Anger is chaos on the psyche.
I speak from experience. I have spent far too much time in the prison of anger in my own life and have realized not much good comes out of it.
In fact, it often feeds itself, as if I’ve put on anger-colored glasses that ultimately taint subsequent experiences.
When I am angry, I see injustice, incompetence, betrayal, and indifference everywhere. Everyone is against me. I am a victim of the world.
Do you ever feel like this?
Why Do We Feel Anger
Anger is a secondary emotion. Some other emotion comes first. Present is the feeling of a real or perceived loss.
Loss, or threat of loss, of something precious to you is implicit in the anger.
Perhaps this concept is clearest to comprehend when we are blatantly stolen from. But look at other examples of anger:
- Loss of respect if someone disrespects you
- Loss of the value of your time if an appointment or guest is late
- Loss of hope, relationship, or happiness if someone hurts you
- Loss of trust if you are betrayed
- Loss of justice, life, or innocence in the face of injustice; loss of companionship if a loved one dies, or
- Perceived loss of self value if someone doesn’t want to be with you.
You get the idea. Anger is grief of the loss.
Anger also masks anxiety.
Anger can arise when there is fear of loss and when something precious to you is threatened.
Many times you see this in children who have a tantrum when they are afraid to go someplace.
Most parents assume this is an anger problem, but if the anxiety were addressed, anger would no longer be a problem.
This is also apparent in people who are abusive. When they feel anxious, they perceive they are losing control.
They fall back on entitlement, demanding what they want, criticizing, being physically violent, and controlling someone else to calm their own inner anxiety.
Feeling a victim themselves, they often fail to see how they are effecting others.
Anger and Guilt: The Double Whammy
Most of us seldom allow ourselves to feel angry. And when we do express the emotion, we often take actions we regret later.
Feeling the anger is not the problem, but rather what we do with it.
If anger is expressed, accepted, and what is precious is validated, it would pass quickly without any ill effects or consequences.
However, as it usually happens, when we feel or express anger, self doubt almost immediately takes up residence in our mind and we begin to regret our response.
It is as if we are not allowed to feel, and we judge ourselves as wrong. This feeling of “wrong” connects with every other time in our life when we felt wrong.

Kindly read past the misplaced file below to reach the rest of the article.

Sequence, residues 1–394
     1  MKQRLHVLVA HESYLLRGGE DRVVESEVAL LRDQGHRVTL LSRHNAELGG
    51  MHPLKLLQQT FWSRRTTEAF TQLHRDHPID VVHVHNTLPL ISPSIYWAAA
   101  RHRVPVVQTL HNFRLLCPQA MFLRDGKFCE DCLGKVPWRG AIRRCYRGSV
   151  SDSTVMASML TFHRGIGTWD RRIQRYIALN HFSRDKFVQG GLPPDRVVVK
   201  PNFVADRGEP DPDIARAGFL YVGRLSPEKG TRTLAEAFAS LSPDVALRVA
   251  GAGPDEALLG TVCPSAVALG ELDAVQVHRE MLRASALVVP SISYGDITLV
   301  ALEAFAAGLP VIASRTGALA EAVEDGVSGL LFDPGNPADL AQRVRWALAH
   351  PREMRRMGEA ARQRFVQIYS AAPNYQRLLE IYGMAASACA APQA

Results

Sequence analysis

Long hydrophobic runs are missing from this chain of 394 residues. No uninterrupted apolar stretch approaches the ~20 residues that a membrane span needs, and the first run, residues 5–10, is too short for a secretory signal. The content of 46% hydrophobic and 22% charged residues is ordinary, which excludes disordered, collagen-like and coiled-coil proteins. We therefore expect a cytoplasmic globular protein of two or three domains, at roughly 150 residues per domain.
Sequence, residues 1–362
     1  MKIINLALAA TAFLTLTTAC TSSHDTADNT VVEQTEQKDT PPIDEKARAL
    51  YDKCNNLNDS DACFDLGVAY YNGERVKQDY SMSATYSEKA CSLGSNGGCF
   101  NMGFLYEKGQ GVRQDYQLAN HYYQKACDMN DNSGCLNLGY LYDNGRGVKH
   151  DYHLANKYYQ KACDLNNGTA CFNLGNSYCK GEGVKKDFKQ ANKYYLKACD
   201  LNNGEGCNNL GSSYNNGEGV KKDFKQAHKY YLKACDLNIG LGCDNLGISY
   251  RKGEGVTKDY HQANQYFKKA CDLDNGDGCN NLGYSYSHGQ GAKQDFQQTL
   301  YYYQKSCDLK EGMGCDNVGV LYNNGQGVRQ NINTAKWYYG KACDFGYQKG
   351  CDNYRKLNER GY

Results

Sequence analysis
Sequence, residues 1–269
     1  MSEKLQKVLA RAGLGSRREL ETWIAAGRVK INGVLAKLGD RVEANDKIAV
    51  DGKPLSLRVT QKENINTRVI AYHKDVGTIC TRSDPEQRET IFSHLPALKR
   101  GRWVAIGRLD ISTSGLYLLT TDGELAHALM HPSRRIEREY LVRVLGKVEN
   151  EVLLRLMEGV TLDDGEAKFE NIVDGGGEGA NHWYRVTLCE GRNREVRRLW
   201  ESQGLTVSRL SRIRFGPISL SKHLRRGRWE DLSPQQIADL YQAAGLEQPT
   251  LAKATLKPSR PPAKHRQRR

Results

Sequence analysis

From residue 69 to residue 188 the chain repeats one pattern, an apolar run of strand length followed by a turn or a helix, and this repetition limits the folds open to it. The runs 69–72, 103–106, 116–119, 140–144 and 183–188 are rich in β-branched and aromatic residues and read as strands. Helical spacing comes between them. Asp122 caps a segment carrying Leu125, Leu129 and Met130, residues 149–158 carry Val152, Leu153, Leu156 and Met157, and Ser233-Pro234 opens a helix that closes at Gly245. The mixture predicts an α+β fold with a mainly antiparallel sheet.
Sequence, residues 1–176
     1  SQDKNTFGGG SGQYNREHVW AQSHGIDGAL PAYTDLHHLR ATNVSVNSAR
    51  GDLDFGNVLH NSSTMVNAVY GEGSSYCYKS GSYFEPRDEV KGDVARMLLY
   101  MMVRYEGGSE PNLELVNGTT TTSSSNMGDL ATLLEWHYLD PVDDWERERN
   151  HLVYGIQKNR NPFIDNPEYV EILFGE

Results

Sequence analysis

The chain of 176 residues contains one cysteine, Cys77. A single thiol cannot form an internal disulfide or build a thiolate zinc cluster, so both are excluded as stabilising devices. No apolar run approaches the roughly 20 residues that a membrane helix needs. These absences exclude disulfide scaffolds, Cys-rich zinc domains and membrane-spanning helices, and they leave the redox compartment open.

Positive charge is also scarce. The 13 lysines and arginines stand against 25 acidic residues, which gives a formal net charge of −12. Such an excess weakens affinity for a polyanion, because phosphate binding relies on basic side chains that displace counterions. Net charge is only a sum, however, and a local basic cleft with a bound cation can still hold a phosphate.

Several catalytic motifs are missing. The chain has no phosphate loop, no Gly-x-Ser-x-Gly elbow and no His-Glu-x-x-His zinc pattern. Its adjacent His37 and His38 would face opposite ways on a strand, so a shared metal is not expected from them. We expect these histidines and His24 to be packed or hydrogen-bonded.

And if this feeling occurred often, it can feel overwhelming. Our anger no longer just fits the circumstances, it is heightened by this guilt, and we act and feel worse.
On top of that, we get mad at ourselves for our “overreaction.” We perceive a loss of control. The anger explodes and we are overwhelmed.
Do you know what happens next? We feel like a victim, of circumstance, of the injustice, of another act of thoughtlessness, of invalidation, of betrayal, and of our own inadequacies.
It can affect our very identity (i.e, I am a loser) and all too often does. Each of these multi-layers of self judgment make us feel worse.
Usually, the overall feeling and response of anger comes 80% (or more) from the guilt and only 20% (or less) from the original frustrating incident.
Feeling Without Judgment
Do you want to calm down? Allow and accept your feelings of anger without judgment. Let yourself feel it fully, and then ask yourself what it is you are losing or afraid to lose.
What does it say about what is precious to you?
Just naming it will validate it and help you begin to calm down. Once you know what is important to you, you are in a better position to figure out how to respond.
Love yourself for loving it. Appreciate yourself for appreciating it. You’ll respond prioritizing what you love rather than focusing on guilt or resentment.
You’ll take action that holds that preciousness, rather than taking action out of anger. You’ll feel better faster. I promise.
Over to You –
What do you do with anger? Share your experiences in the comments.
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Photo Credit: FreeDigitalPhotos
Posted on: June 21st, 2013
Last Updated on: January 4th, 2014